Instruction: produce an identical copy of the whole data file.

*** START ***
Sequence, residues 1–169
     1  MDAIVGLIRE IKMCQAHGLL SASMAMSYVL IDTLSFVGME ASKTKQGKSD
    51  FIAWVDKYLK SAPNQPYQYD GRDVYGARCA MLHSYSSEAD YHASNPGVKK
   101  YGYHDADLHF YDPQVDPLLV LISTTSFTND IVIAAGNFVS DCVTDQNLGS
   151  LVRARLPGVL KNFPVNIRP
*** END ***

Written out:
Sequence, residues 1–169
     1  MDAIVGLIRE IKMCQAHGLL SASMAMSYVL IDTLSFVGME ASKTKQGKSD
    51  FIAWVDKYLK SAPNQPYQYD GRDVYGARCA MLHSYSSEAD YHASNPGVKK
   101  YGYHDADLHF YDPQVDPLLV LISTTSFTND IVIAAGNFVS DCVTDQNLGS
   151  LVRARLPGVL KNFPVNIRP